- Arthropoda (Arthropods)
- Mantodea (Mantids)
- Amblypygi (Whip spiders)
- Pseudoscorpiones (Pseudoscorpions)
- Scorpiones (Scorpions)
- Outer morphology und anatomy
- The eyes of the scorpion
- Fluorescence and color sensitivity
- Mating, prenatal development and birth
- Opiliones (Harvestmen)
The eyes of the scorpion
The two median und six lateral eyes of Hottentotta buchariensis
The main visual sensory organs of a scorpion are its two median and several lateral eyes, alongside the extraocular light sense in its metasoma (Zwicky, 1968). The former are located on either side of the median plane of the carapace usually in the vicinity of the mid line, but much more anterior in case of some species (Polis, 1990, p.30). The number of lateral eyes varies from zero to ten, they are situated on the anterolateral margin of the carapace, usually in a paired manner (Polis, 1990, p.30). There are however some relatively few species, that have lost their eyes alltogether in the course of adaptation to dark environments.
A totally eyeless species of scorpion: Belisarius xambeui
The median eyes consist of a well visible lense which lies on top of a vitreous body, divided only by a preretinal membrane (Machan, 1967). Behind this vitreous body lie the rod-shaped photoreceptor cells (Retinula) of the retina, that gather the light signals.
On the distal region (close to the vitreous body) these retinula possess rhabdomeres, a seam of cell protrusions, which link between four and six retinula into one retinula complex - the individual complexes bear no such rhabdomere connections (Schliwa and Fleissner, 1980). Inside of the retinula cells one finds a multitude of pigment granules, which migrate through the cell depending on several conditions, located proximally inside the cell lies the nucleus, the optical nerve attaches on the outer proximal side. The retinula cells are sparcely surrounded by pigment cells and are in total enfolded, thus completing the retina, by the postretinal layer (Machan, 1967).
The lateral eyes show significant differences to this composition. They lack the vitreous body alltogether and all retinula cells are connected by rhabdomeres into one single retinula complex (Schliwa and Fleissner, 1980). Furthermore, the postretinal layer of the lateral eyes bears pigment cells as well (Machan, 1967). Lastly the lateral eyes have no direct connection with each other, whereas the median eyes are directly connected by an additional nerve (Machan, 1967).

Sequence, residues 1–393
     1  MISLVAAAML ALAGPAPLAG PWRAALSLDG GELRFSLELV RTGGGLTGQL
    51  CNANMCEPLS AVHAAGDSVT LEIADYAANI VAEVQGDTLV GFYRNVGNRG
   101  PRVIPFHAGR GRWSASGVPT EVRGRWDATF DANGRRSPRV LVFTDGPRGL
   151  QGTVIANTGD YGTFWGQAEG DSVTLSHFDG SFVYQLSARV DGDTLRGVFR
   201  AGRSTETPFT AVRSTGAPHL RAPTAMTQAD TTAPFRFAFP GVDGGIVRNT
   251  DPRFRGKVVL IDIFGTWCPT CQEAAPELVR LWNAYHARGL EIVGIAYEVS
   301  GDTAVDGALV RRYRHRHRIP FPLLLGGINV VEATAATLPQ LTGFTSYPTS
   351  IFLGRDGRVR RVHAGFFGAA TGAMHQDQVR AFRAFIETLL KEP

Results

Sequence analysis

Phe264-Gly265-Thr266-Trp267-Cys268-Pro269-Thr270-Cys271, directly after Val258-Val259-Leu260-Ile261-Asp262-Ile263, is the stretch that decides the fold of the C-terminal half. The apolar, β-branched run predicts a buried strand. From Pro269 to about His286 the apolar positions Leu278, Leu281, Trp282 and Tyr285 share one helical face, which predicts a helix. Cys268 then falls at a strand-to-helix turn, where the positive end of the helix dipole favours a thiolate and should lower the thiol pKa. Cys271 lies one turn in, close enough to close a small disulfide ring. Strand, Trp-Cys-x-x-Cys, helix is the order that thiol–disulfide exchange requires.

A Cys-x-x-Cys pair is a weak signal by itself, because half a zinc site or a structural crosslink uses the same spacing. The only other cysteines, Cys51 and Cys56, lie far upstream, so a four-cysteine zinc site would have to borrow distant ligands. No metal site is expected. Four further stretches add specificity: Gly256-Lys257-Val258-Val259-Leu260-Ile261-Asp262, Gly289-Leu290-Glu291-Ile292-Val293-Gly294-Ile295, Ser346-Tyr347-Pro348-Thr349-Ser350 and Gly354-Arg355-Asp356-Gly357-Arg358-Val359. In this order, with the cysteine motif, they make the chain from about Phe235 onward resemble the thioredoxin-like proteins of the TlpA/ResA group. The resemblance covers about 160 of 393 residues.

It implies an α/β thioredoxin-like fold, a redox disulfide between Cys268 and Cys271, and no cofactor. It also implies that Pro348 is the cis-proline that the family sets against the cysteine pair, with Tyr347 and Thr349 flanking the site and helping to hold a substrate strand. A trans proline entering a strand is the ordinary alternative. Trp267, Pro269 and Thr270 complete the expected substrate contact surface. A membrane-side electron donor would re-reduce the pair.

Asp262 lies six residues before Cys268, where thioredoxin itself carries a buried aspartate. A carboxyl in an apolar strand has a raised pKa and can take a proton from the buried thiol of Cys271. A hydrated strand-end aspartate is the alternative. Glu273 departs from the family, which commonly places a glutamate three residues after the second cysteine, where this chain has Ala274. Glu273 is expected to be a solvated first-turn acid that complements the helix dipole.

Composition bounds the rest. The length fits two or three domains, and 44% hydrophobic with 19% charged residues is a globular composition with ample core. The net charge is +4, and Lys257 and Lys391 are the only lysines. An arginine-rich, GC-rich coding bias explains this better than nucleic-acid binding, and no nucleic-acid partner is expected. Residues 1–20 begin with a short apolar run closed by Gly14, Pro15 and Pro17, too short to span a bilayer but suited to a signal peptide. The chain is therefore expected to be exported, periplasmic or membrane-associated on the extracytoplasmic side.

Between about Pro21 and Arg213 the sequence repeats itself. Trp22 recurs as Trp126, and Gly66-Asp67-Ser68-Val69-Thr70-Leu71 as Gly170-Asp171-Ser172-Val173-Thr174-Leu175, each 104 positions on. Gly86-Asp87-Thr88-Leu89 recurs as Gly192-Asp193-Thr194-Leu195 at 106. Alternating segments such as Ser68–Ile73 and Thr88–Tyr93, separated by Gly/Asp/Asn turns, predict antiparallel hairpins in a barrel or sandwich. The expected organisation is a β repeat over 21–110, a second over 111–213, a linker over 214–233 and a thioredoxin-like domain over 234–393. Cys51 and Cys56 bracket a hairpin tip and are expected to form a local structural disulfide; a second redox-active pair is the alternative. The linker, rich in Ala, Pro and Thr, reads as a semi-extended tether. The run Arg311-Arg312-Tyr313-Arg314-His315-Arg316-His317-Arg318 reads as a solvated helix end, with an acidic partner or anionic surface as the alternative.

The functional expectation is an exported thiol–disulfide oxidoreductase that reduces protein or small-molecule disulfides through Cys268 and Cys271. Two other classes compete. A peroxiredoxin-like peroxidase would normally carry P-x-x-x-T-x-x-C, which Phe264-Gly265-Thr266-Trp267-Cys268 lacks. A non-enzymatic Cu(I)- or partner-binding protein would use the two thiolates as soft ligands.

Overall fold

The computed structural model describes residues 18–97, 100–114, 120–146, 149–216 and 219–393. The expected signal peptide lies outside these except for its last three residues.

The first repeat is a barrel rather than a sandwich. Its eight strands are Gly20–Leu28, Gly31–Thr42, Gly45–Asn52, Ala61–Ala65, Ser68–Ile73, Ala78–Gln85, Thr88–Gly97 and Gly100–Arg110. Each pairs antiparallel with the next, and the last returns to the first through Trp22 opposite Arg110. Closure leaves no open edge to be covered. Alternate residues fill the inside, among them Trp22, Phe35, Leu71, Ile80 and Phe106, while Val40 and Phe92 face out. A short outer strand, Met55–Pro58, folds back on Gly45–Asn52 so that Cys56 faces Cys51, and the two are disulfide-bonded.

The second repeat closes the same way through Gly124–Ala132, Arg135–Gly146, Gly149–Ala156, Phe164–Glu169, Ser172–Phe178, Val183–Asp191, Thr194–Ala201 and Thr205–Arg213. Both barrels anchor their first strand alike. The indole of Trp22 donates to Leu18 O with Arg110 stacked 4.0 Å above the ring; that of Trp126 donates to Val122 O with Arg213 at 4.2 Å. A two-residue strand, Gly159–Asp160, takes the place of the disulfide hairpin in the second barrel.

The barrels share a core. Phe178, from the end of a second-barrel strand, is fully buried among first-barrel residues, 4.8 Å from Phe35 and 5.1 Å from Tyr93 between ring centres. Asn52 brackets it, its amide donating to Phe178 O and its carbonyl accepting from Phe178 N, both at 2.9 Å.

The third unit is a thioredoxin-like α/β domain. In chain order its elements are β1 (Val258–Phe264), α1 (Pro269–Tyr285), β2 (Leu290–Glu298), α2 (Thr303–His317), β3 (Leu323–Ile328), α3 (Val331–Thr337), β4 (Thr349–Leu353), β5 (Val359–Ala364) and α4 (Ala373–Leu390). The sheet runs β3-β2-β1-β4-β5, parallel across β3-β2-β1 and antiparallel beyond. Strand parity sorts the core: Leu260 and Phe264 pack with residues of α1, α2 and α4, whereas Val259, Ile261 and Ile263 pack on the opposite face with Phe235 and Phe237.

The name of its genus already suggests the anteriorely skewed position of the median eyes: Opistophthalmus glabrifrons
The lack of the vitreous body and the high interconnectivity of the retinula of the lateral eyes cause a reduced contrast (physically by the lack of the vitreous body, neurologically by the crossfiring of neighbouring retinula cells) and thus suggest that the lateral and median eyes have different biological uses (Schliwa and Fleissner, 1980). Furthermore, the optical structure of the lateral eyes only allows for low spatial discrimination (Carricaburu, 1968).
One possible explanation of these findings is that the lateral eyes are used mainly as light sensors and as Zeitgebers for the circadian rhythm (internal clock) (Fleissner, 1977a). This is indicated by physiological experiments and the fact, that due to the high interconnectivity of the retinula cells the lateral eyes are much more sensitive towards changes in luminance even at very low intensities (Fleissner, 1977b).
In addition, it has been shown that the pigment granules inside the retinula migrate in accordance to the circadian rhythm - they are located on the distal end near the vitreous body during the day phase and near the nucleus during the night phase (Schliwa and Fleissner, 1980). This migration is highly reduced if the scorpion is exposed to lasting darkness in case of the lateral eyes but remains virtually unchanged in case of the median eyes (Fleissner, 1974). Thus the lateral eyes react much more adaptively towards changes in light stimuli than the median eyes.
This fact is reflected by the absolute sensetivities of the median and lateral eyes. The median eyes of tested specimen showed a absolute sensitivity of 2,7e-3 cd/m² during the day phase and no significant change of sensetivity during the night phase, whereas the sensitivity of the lateral eyes increased from 5,5e-3 cd/m² during the day phase to 0,86e-3 cd/m² and in some cases even to 0,35e-3 cd/m² during the night phase - sensitivities that even surpass those of the human eye (Fleissner, 1977b).
All these insights allow for the assumption, that scorpions possess two different visual systems - one encompassing high contrast and high spatial discrimination (the median eyes) and one with high absolute sensitivity (the lateral eyes) (Schliwa and Fleissner, 1980).
Fleissner, G. (1974). Circadiane Adaptation und Schirmpigmentverlagerung in den Sehzellen der Medianaugen von Androctonus australis L. (Buthidae, Scorpiones). J. Comp. Physiol. 91, 399-416.
Fleissner, G. (1977a). Scorpion lateral eyes: extremely sensitive receptors of Zeitgeber stimuli. J. Comp. Physiol. 118, 101-108.
Fleissner, G. (1977b). The absolute sensitivity of the median and lateral eyes of the scorpion Androctonus australis L. (Buthidae, Scorpiones). J. Comp. Physiol. 118, 109-120.
Machan, L. (1967). Studies on the structure and electrophysiology of scorpion eyes. South African Journal of Science (Dec), 512-520.
Polis, G.A. (1990). The Biology of Scorpions. Stanford University Press, Standford, California.
Schliwa, M. und Fleissner, G. (1980). The Lateral Eyes of the Scorpion, Androctonus australis. Cell Tissue Res. 206, 95-114.
Zwicky, K.T. (1968). A light response in the tail of Urodacus, a scorpion. Life Sci. 7, 257-262.
F. Schmitz, authored 2012